His vanity makes him but a prudish lover, who desires to woo less than to be wooed; and at all times and through all moods he remains the primeval sentimentalist. He will detach his life entirely from the catchwords which pretend to govern his actions; he will sit and croon the most heartrending ditties in celebration of home-life and a mother's love, and then set forth incontinently upon a well-planned errand of plunder. For all his artistry, he lacks balance as flagrantly as a popular politician or an advanced journalist. Therefore it is the more remarkable that in one point he displays a certain caution: he boggles at a superfluous murder. For all his contempt of property, he still preserves a respect for life, and the least suspicion of unnecessary brutality sets not only the law but his own fellows against him. Like all men whose god is Opportunity, he is a reckless gambler; and, like all gamblers, he is monstrously extravagant. In brief, he is a tangle of picturesque qualities, which, until our own generation, was incapable of nothing save dulness.
The Bible and the Newgate Calendar--these twain were George Borrow's favourite reading, and all save the psychologist and the pedant will applaud the preference. For the annals of the `family' are distinguished by an epic severity, a fearless directness of speech, which you will hardly match outside the Iliad or the Chronicles of the Kings. But the Newgate Calendar did not spring ready-made into being: it is the result of a curious and gradual development. The chap-books came first, with their bold type, their coarse paper, and their clumsy, characteristic woodcuts--the chap-books, which none can contemplate without an enchanted sentiment. Here at last you come upon a literature, which has been read to pieces. The very rarity of the slim, rough volumes, proves that they have been handed from one greedy reader to another, until the great libraries alone are rich enough to harbour them. They do not boast the careful elegance of a famous press: many of them came from the printing-office of a country town: yet the least has a simplicity and concision, which are unknown in this age of popular fiction. Even their lack of invention is admirable: as the same woodcut might be used to represent Guy, Earl of Warwick, or the last highwayman who suffered at Tyburn, so the same enterprise is ascribed with a delightful ingenuousness to all the heroes who rode abroad under the stars to fill their pockets.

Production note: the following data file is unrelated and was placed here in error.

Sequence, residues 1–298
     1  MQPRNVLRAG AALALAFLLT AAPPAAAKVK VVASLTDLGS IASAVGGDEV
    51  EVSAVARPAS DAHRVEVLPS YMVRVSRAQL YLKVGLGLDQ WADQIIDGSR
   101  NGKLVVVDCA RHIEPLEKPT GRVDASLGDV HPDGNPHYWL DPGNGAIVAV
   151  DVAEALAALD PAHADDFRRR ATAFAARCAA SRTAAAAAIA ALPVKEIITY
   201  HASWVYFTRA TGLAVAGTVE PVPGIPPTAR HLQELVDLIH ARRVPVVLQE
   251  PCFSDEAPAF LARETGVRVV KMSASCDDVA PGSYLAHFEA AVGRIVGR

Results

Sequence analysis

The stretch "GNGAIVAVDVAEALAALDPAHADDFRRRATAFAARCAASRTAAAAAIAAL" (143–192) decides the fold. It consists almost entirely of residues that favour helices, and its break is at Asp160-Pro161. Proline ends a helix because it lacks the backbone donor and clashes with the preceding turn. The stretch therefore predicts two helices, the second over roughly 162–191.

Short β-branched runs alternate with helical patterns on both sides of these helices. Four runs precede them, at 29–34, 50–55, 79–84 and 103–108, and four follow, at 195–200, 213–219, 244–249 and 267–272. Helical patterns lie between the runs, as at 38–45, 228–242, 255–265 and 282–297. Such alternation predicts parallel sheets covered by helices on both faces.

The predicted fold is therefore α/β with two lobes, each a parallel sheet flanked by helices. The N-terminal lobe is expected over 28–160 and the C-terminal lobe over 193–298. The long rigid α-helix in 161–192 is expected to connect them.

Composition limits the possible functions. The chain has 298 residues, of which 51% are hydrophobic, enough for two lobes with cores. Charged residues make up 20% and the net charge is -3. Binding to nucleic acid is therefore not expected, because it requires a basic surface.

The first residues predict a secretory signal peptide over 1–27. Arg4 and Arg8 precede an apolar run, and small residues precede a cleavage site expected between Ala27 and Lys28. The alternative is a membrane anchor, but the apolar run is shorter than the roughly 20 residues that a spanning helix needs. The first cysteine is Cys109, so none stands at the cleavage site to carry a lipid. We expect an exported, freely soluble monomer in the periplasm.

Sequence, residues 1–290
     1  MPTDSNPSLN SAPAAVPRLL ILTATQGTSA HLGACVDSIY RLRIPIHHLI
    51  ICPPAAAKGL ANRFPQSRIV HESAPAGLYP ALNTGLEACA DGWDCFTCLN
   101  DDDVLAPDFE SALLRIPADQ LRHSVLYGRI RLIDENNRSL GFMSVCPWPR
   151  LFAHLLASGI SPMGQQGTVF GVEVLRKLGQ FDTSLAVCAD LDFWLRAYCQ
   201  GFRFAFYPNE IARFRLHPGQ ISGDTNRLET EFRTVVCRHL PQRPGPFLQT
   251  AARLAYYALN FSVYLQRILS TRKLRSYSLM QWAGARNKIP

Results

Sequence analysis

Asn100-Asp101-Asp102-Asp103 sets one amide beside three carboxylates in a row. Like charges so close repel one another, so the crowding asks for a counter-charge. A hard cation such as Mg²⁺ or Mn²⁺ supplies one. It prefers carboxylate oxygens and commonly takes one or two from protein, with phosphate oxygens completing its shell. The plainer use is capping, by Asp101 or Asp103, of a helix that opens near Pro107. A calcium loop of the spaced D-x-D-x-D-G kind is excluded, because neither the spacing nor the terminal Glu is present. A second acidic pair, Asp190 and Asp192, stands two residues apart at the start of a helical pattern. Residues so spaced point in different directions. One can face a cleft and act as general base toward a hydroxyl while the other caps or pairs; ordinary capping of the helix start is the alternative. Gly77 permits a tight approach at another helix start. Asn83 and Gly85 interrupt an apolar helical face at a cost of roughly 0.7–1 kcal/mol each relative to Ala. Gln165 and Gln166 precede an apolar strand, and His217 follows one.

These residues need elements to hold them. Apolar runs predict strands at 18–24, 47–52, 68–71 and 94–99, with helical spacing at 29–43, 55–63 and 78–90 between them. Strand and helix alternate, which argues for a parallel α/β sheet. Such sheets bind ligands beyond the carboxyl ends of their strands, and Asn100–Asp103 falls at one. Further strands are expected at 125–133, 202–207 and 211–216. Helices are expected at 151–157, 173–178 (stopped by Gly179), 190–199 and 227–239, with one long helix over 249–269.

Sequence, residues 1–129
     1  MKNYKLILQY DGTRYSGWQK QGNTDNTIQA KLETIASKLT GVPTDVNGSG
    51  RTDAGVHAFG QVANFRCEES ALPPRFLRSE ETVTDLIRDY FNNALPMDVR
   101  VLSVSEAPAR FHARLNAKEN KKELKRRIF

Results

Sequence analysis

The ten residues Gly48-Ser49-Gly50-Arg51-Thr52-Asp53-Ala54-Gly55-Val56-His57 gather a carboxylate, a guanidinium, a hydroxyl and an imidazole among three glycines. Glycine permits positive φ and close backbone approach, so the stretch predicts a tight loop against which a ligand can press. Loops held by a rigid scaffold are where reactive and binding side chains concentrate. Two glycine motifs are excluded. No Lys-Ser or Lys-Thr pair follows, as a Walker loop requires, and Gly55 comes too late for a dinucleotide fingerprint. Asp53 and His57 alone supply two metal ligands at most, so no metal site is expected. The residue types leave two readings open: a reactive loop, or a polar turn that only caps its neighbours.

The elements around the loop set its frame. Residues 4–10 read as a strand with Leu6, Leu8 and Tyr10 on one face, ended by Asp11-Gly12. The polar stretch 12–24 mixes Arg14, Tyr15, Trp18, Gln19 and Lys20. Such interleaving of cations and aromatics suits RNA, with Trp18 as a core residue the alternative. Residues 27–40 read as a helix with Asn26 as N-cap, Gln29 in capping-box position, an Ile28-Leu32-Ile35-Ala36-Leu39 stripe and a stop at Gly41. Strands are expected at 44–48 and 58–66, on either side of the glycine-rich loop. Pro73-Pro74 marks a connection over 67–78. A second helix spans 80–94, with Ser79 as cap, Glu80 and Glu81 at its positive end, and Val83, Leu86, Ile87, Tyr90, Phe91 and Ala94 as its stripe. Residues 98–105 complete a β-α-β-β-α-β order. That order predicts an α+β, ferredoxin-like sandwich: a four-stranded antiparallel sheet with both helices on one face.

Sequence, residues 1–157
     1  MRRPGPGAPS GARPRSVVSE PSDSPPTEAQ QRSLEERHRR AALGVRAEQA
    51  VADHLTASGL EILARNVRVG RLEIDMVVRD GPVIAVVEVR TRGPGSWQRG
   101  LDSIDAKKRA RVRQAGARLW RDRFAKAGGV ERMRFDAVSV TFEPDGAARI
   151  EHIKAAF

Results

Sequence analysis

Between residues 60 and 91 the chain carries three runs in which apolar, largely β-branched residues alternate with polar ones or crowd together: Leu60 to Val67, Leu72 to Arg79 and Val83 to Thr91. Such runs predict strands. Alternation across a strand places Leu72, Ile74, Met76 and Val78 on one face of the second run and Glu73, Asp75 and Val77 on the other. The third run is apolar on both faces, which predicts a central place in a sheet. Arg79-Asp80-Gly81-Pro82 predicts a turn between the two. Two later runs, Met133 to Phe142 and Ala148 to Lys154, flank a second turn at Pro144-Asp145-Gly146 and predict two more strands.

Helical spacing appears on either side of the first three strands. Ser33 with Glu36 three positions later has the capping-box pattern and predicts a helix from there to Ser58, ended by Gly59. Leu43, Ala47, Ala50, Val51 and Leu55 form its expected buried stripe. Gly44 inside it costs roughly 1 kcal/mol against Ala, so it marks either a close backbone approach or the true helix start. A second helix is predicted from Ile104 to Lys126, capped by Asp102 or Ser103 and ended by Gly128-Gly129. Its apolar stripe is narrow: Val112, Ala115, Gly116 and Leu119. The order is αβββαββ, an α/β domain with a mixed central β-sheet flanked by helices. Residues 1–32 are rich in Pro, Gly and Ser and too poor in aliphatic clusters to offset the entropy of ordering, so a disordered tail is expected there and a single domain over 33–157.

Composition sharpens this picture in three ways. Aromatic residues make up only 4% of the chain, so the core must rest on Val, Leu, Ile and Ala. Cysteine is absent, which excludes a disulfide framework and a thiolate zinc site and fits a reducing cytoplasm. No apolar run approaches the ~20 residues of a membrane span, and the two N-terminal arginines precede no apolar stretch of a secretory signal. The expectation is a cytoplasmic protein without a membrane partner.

The Life and Death of Gamaliel Ratsey delighted England in 1605, and was the example of after ages. The anecdote of the road was already crystallised, and henceforth the robber was unable to act contrary to the will of the chap-book. Thus there grew up a folk-lore of thievery: the very insistence upon the same motive suggests the fairytale, and, as in the legends of every country, there is an identical element which the anthropologists call `human'; so in the annals of adventure there is a set of invariable incidents, which are the essence of thievery. The industrious hacks, to whom we owe the entertainment of the chap-books, being seedy parsons or lawyers' clerks, were conscious of their literary deficiencies: they preferred to obey tradition rather than to invent ineptitudes. So you may trace the same jest, the same intrigue through the unnumbered lives of three centuries. And if, being a philosopher, you neglect the obvious plagiarism, you may induce from these similarities a cunning theory concerning the uniformity of the human brain. But the easier explanation is, as always, the more satisfactory; and there is little doubt that in versatility the thief surpassed his historian.